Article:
Tristram Coffin Homestead Site Marker History

Capaum Pond Road

Acquired 1981

In 1879, Owen Tristram Coffin of Peekskill, New York, and Charles G. Coffin of Nantucket funded the erection of a monument to mark the supposed site of the house of Tristram Coffin, one of the original proprietors and the progenitor of the Coffin family in America.

The monument comprised a granite post supporting a marble slab engraved  with the words, “Homestead of Tristram Coffin.” Local tradition said Coffin’s first dwelling on Nantucket was built “on a hill in a valley between two hills and between two ponds,” while old deeds said the house, erected about 1661, was “under the hill” near Capaum Harbor  The location selected for the monument was a guess based on these vague data points. The monument and the one-hundred-foot square of land around it were given to the NHA in 1981 by R. Draper Richards, a descendant of Tristram and Dionis Coffin.

Tristram Coffin (1609–1681) came to America from Devonshire, England, in 1642. In 1659, he joined eight other men from the Merrimack Valley towns in purchasing land rights to parts of Nantucket from Thomas Mayhew, who had secured rights to the island from the English crown in 1641. Coffin was appointed the first chief magistrate of Nantucket. He and his wife, Dionis, had five sons who perpetuated the Coffin family name. Their daughter, Mary, married Nathaniel Starbuck and became known as “Great Mary” for her leadership in the early community and her conversion to Quakerism.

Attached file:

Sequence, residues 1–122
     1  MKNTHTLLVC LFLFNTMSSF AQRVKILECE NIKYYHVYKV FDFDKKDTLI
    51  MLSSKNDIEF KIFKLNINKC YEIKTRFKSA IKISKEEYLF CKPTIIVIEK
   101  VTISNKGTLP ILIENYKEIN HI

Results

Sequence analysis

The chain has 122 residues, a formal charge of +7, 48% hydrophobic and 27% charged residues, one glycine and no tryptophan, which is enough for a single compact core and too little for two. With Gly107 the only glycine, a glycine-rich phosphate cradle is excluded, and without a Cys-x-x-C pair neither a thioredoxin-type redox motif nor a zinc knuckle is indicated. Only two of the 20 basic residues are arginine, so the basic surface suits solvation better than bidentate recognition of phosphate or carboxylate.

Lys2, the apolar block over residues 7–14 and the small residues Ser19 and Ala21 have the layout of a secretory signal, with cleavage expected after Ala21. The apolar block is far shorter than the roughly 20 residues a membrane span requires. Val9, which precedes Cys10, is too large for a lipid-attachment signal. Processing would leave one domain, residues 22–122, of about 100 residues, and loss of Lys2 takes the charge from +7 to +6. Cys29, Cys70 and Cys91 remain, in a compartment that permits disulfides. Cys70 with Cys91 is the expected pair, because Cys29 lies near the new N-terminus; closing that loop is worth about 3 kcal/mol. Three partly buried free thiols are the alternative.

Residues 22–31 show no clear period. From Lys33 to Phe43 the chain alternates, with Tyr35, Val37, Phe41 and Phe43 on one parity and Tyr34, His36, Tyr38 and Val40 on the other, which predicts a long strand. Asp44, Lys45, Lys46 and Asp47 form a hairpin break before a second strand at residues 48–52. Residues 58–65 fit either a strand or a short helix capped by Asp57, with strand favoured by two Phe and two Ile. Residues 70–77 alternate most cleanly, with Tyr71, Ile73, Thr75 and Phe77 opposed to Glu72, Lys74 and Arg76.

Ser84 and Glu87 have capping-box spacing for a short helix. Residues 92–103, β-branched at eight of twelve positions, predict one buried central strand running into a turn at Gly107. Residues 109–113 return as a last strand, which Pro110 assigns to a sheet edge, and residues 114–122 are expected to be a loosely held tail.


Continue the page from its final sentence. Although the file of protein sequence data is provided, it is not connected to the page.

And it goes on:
Adapted from the Nantucket Historical Association Properties Guide, Tristram Coffin Homestead Site Marker by Betsy Tyler, 2015.

Banner image of Tristram Coffin Homestead Site Marker, ca. 1880s. (GPN3205)

The Nantucket Historical Association preserves and interprets the history of Nantucket through its programs, collections, and properties, in order to promote the island’s significance and foster an appreciation of it among all audiences.

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